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Molecular and Cellular Mechanisms of Osteoporosis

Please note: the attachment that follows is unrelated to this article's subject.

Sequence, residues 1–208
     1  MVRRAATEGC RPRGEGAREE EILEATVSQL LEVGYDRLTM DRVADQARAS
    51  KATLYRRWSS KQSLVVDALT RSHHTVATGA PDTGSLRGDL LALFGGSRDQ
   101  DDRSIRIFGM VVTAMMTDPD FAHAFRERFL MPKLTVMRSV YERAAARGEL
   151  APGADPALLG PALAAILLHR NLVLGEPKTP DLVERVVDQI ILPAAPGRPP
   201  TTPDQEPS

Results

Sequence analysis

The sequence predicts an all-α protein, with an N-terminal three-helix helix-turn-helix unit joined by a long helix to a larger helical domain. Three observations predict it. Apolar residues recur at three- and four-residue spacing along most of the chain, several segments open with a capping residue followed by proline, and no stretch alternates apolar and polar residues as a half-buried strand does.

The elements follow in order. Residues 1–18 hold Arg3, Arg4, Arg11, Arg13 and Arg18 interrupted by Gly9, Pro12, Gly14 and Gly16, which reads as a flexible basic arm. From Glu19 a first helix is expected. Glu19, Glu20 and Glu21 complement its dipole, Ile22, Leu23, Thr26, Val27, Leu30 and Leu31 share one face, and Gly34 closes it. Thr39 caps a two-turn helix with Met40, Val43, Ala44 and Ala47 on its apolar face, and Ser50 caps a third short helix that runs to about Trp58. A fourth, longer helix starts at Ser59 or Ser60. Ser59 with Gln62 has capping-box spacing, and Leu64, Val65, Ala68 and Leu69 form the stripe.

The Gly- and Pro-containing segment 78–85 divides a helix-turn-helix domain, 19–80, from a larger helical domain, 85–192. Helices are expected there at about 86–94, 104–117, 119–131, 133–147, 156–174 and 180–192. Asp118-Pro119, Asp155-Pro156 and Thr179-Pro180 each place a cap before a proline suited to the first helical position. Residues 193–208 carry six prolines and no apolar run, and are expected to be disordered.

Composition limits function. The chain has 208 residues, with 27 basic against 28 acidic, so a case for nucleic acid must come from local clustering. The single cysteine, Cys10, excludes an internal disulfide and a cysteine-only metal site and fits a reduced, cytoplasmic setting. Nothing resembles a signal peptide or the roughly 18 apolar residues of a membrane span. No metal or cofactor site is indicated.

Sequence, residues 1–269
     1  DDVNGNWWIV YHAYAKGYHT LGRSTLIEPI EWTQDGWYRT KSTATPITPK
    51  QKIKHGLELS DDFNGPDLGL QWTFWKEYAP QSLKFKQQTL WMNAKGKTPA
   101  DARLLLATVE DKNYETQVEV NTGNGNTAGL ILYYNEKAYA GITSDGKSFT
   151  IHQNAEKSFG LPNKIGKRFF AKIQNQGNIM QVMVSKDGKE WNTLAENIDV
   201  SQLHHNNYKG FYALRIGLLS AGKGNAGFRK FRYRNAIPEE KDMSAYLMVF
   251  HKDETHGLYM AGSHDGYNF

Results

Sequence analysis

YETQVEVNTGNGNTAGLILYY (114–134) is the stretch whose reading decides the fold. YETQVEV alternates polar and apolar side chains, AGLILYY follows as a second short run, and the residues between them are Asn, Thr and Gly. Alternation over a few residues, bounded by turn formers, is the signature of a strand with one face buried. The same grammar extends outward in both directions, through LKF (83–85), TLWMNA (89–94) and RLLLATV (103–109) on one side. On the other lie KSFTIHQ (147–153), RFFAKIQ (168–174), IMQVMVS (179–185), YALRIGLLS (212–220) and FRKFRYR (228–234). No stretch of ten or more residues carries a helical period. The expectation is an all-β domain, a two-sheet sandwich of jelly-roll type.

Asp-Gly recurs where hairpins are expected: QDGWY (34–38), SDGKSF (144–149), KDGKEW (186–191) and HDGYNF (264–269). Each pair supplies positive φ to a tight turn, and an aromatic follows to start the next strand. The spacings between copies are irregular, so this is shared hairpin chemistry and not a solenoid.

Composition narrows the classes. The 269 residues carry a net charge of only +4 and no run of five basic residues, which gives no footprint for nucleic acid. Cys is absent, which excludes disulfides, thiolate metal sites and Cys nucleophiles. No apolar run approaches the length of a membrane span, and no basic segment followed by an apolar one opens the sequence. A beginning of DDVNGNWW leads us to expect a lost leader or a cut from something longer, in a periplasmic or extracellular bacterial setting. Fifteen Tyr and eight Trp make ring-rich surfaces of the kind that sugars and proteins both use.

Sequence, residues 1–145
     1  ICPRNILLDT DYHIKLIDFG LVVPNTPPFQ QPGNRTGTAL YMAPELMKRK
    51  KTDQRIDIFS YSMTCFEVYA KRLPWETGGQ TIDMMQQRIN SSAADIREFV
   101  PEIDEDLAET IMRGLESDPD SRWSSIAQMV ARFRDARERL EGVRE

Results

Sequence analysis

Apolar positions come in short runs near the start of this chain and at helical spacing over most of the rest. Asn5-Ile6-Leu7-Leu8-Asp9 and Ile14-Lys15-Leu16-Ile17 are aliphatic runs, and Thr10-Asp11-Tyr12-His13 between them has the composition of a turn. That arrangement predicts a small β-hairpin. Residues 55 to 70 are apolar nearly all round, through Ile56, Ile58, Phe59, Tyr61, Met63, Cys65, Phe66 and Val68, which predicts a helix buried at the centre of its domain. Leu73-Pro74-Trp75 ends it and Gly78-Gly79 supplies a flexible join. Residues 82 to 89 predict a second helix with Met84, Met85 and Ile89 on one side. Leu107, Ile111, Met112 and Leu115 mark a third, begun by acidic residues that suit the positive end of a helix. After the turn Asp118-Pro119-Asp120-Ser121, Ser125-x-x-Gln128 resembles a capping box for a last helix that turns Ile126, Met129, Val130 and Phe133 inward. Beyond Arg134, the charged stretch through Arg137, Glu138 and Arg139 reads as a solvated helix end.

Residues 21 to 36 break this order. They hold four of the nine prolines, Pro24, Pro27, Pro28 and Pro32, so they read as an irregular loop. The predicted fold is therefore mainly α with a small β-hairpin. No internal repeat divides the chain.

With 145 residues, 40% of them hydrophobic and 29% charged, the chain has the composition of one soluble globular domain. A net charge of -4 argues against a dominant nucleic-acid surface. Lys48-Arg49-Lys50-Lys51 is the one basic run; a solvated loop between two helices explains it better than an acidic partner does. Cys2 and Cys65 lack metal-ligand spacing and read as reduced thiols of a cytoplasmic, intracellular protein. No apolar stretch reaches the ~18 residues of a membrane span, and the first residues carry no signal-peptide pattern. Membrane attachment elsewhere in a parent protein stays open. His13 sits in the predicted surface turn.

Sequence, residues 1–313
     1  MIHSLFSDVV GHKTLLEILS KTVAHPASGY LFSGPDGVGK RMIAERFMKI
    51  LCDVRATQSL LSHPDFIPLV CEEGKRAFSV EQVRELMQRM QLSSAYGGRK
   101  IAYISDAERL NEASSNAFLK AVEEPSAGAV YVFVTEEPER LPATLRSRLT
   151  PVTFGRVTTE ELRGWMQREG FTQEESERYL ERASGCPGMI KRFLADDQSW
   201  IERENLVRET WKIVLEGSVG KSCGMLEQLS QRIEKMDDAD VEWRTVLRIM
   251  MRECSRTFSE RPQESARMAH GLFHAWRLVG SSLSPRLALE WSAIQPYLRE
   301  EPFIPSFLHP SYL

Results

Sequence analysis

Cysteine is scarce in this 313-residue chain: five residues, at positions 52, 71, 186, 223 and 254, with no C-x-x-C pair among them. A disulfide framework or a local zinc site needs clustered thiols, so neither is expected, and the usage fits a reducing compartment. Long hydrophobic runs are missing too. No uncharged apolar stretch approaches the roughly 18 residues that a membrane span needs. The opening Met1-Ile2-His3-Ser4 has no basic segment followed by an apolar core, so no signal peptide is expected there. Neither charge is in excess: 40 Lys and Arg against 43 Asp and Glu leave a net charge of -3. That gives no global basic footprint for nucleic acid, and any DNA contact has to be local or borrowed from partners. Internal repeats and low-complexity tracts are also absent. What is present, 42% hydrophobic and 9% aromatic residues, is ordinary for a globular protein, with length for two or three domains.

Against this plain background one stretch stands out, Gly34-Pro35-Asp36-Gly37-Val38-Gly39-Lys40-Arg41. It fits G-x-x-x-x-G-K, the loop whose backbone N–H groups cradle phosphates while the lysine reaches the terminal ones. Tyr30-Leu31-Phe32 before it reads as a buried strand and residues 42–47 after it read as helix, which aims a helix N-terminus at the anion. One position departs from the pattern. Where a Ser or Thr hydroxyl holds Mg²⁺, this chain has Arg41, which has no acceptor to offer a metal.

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The goal of this renewal application is to improve the understanding of the pathophysiology of the bone fragility syndrome of osteoporosis and, thereby, rationalize and optimize its treatment. Specifically, it will test the interrelated hypotheses that the decline in bone mass and strength with age is a multi-factorial process and oxidative stress (OS) is a common underlying culprit of several different mechanisms, including aging per se; sex steroid deficiency; lipid oxidation; and endogenous hyperglucocorticoidism and failure of autophagy. Hormone therapies, such as estrogen replacement and intermittent RTH, owe their efficacy, at least in part, to antioxidant properties. To achieve the goal of the Program, three projects supported by three cores are proposed. Core A combines scientific management with biostatistics and administrative support; Core B provides design, production, characterization, and maintenance of genetically modified mice; and Core C provides histomorphometry, DEXA, micro-CT, and biomechanical measurements. Project 1 will determine the contribution of reactive oxygen species (ROS) amplification by p66shc or ROS attenuation by FoxOs in osteoblasts and osteoclasts to skeletal homeostasis and its deregulation with aging, the role of ROS in the effects estrogens on osteoblastic and osteoclastic cells, and the contribution of the loss of estrogen action in these cell types to skeletal involution. Specifically, it will test the hypotheses that increased ROS levels restrain te generation of committed osteoblast precursors by diverting ?-catenin from Wnt/Tcf to FoxO-mediated transcription, but increase osteoclast generation and survival; and that estrogens antagonize both of these effects by cell autonomous antioxidant actions mediated by ER?. Project 2 will investigate the contribution of Alox15-mediated lipid oxidation to the adverse effects of aging, hyperlipidemia, and loss of estrogens on skeletal homeostasis, and the possibility that oxidized lipids intensify OS leading to reduced differentiation and survival of osteoblasts via FoxO- and PPAR?-mediated actions that decrease Wnt signaling. In addition it will test the hypothesis that intermittent PTH decreases OS by decreasing p66shc activation, suppressing Alox15 expression, and increasing the synthesis of antioxidant enzymes like Aldh3a1, leading to augmented Wnt signaling and increased bone formation. Finally, Project 3 will pursue seminal discoveries of this program that endogenous glucocorticoids contribute to the age-associated decrease in bone mass and strength by directly stimulating osteocyte apoptosis via increased OS and that this is opposed by the process of autophagy, which becomes less efficient with age.

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